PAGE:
Georgia Marks Eighth Anniversary of Five-Day War with Russia

TBILISI – Georgia marks the eighth anniversary of the country’s brief August 2008 war with Russia over the breakaway region of South Ossetia.

The brief but intense five-day war killed hundreds and left thousands driven from their homes, as Russia’s invasion force came within an hour’s drive of Georgia’s capital Tbilisi.

According to official government records, 412 Georgian citizens, including 228 civilians, 170 military and 14 police personnel were killed in the war. The war also left one Dutch and two Georgian journalists dead.

Since the war, August 8 - the day when Russia officially declared war on Georgia – has been marked by several sombre commemorative events, including a wreath-laying ceremony at a Mukhatgverdi military cemetery on the outskirts of Tbilisi.

Relations between the two countries plummeted to an all-time low after Russian tanks rolled into the heart of Georgia. Former President Mikheil Saakashvili sparked the outbreak of hostilities after he ordered a disastrous attack on South Ossetia’s separatist capital Tskhinvali. After days of intense fighting, a ceasefire brokered by former French President Nicolas Sarkozy brought the war to a close.

Related Coverage: S.Ossetians to Temporarily Close Checkpoints Marking War Anniversary

Russian President Vladimir Putin cemented his control over the breakaway region by later recognizing South Ossetia and Georgia’s other Russian-backed separatist region as independent states.

Since that time formal relations between Georgia and Russia have been frozen, with Tbilisi insisting that the status quo will remain until Russia ends its support for the separatist governments.

Russia’s Foreign Minister Sergey Lavrov on July 22, during his speech at an annual youth forum on the Klyazma River in Russia’s central Vladimir Region, said Georgia should be the first to make a move towards re-establishing diplomatic ties between the two countries as Georgia was first responsible for cutting formal relations between Moscow and Tbilisi.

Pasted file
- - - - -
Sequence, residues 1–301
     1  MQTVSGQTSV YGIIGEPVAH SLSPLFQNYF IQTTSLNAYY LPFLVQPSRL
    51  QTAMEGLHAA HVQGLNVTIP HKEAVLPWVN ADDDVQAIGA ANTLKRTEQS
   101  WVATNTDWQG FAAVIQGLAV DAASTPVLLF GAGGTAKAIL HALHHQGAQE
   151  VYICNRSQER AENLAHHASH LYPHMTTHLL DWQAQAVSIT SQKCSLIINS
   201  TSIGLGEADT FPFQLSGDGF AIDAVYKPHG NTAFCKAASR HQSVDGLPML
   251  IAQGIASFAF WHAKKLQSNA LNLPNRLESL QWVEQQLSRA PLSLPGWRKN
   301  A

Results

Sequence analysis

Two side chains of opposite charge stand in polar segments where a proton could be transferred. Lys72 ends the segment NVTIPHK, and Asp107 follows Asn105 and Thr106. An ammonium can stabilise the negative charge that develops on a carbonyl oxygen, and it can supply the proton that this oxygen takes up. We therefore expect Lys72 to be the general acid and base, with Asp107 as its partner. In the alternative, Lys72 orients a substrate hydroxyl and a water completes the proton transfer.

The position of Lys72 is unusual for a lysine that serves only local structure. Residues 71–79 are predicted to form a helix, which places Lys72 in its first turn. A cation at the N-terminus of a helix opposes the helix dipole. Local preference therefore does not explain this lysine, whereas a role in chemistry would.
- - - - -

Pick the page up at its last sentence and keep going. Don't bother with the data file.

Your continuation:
"The Georgian leadership (unilaterally) severed diplomatic ties with Russia under Saakashvili’s presidency. This situation can only be improved by a restoration relations initiated by the Georgian side,” Lavrov said.

Georgia’s Ministry of Foreign Affairs published a statement on August 7, emphasized that Russia has continued its illegal occupation of whole regions of a sovereign state and continues to violate international law as well as the commitments of a Ceasefire Agreement signed on August 12, 2008.

“Fortifying the occupation line with razor and barbed wire fences and the so-called “border” signs became a standard practice. These destructive actions are exacerbated by the abduction and illegal detentions of the Georgian citizens. Hundreds of thousands of IDPs and refugees have been still denied the right to a safe return to their original place of residence. The remaining population in the occupied regions suffers from permanent ethnic discrimination,” the statement reads.

Georgia’s Foreign Ministry on Monday called on the international community to maintain their effort in responding to finding a permanent, peaceful resolution to the separatist conflicts in Georgia.

By Tamar Svanidze
Edited by Nicholas Waller

Photo: Prime Minister's Press Office

08 August 2016 12:02